This study examines quality of cardiometabolic care among veterans receiving care in the Veterans Affairs (VA) health system. We assess whether quality of care disparities by mental disorder status are magnified for individuals living in rural areas.
We identified all patients in a 2005 national Veterans Administration cardiometabolic quality of care chart review. The intersection of this cohort and VA registries, that include patients with and without mental disorder, permitted identification of chart review patients with and without mental disorder. Using residential ZIP code, patients were assigned to rural-urban commuting area codes. We used logistic regression adjusting for age, demographics, comorbidities, and income.
We assessed association between rural residence and 9 cardiometabolic care quality indicators including care processes and intermediate outcomes.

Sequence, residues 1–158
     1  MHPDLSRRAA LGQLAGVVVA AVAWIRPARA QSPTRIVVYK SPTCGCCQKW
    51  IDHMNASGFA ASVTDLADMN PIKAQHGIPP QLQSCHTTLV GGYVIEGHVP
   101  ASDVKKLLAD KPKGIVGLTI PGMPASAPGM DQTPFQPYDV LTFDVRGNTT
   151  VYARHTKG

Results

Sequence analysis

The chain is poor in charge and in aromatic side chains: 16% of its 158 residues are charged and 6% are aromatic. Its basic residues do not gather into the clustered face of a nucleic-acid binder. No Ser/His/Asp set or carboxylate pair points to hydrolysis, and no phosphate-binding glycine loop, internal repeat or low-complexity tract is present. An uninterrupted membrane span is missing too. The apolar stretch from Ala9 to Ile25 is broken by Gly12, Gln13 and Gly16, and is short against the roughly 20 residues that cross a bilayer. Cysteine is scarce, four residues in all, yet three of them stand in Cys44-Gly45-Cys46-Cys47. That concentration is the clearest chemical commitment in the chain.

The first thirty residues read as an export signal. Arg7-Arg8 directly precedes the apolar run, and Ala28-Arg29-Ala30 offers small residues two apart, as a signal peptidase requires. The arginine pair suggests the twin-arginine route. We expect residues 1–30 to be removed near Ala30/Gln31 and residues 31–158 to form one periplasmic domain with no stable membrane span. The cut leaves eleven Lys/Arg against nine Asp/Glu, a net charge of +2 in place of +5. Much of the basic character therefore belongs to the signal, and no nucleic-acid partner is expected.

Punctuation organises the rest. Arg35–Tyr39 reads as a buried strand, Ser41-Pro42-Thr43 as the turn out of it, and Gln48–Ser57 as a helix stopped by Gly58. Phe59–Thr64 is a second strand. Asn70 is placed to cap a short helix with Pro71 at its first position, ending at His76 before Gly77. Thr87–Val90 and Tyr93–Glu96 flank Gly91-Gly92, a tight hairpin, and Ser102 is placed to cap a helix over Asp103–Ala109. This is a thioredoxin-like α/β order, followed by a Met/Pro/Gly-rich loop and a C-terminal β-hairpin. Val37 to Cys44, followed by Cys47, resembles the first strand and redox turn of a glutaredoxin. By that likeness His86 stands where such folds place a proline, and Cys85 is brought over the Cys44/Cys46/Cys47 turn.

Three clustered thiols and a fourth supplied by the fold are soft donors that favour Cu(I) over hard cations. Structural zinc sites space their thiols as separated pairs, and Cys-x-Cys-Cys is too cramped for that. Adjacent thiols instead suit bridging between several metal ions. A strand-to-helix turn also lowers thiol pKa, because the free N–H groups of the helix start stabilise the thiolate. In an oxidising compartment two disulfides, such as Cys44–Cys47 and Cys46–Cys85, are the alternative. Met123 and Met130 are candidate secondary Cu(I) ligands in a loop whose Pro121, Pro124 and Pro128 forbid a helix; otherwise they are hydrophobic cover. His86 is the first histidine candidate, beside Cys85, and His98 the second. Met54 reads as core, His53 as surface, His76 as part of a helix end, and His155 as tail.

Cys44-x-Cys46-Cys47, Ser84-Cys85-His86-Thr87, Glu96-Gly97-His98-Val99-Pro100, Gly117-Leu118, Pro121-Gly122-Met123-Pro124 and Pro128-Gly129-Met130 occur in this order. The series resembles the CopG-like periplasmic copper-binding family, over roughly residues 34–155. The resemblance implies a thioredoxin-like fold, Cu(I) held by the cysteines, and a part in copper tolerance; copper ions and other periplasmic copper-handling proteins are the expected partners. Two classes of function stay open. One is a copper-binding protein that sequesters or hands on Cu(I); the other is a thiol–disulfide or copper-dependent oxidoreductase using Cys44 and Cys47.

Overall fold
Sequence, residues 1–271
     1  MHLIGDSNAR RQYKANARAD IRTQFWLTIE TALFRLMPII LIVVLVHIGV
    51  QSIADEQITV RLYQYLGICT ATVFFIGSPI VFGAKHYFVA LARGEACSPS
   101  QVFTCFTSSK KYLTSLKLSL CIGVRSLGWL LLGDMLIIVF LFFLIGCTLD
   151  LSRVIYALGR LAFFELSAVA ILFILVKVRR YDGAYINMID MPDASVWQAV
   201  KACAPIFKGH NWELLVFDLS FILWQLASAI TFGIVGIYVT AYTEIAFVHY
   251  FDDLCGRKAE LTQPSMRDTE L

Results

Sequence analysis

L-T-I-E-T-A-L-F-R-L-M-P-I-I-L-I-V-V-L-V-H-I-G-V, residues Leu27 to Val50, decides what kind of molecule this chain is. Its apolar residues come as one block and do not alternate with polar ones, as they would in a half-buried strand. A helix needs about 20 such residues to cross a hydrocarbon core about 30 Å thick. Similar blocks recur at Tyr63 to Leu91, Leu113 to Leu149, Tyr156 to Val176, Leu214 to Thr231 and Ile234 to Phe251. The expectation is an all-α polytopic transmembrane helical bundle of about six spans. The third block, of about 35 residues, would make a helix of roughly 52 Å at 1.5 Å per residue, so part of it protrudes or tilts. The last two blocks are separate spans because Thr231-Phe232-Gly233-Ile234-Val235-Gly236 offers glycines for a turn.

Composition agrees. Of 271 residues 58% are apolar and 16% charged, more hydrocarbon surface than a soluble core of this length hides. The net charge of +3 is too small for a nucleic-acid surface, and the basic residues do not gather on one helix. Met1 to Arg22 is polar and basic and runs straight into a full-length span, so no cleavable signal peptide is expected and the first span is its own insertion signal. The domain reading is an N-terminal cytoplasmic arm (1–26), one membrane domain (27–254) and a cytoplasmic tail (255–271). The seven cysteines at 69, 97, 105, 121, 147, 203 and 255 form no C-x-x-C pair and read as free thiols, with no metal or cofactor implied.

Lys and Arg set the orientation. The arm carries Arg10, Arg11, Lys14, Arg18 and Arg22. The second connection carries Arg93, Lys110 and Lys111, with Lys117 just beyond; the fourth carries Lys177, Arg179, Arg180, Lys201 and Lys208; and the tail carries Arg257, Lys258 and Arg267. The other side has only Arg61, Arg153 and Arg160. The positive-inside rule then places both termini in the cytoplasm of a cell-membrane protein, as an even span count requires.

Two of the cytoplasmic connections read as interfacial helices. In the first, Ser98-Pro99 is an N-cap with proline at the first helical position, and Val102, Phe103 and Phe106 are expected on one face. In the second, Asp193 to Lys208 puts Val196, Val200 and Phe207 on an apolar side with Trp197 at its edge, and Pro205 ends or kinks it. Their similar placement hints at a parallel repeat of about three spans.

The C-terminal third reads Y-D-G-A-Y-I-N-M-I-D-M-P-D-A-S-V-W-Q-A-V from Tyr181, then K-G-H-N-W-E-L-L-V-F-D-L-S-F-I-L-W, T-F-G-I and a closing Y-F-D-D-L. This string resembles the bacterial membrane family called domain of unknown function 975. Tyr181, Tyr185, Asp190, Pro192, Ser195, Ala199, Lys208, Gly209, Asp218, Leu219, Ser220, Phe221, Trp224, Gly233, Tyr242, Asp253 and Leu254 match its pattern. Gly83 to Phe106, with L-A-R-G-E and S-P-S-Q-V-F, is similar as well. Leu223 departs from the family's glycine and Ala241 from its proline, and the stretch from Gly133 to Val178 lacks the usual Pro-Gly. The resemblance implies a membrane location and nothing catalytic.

Compared with those without mental disorder, patients with mental disorder were less likely to receive diabetes sensory foot exams (OR: 0.82; 95% CI: 0.72–0.94), retinal exams (OR: 0.82; 95% CI: 0.73–0.93), and renal tests (OR: 0.79; CI: 0.74–0.90). Rural residence was associated with no differences in quality measures. Primary care visit volume was associated with significantly greater likelihood of obtaining diabetic retinal examination and renal testing, but did not explain disparities among patients with mental disorder.
Mental disorder is associated with lesser attainment of quality cardiometabolic care. In this integrated VA care system, rurality and visit volume did not explain this disparity. Other explanations for disparities must be explored to improve the health and health care of this population.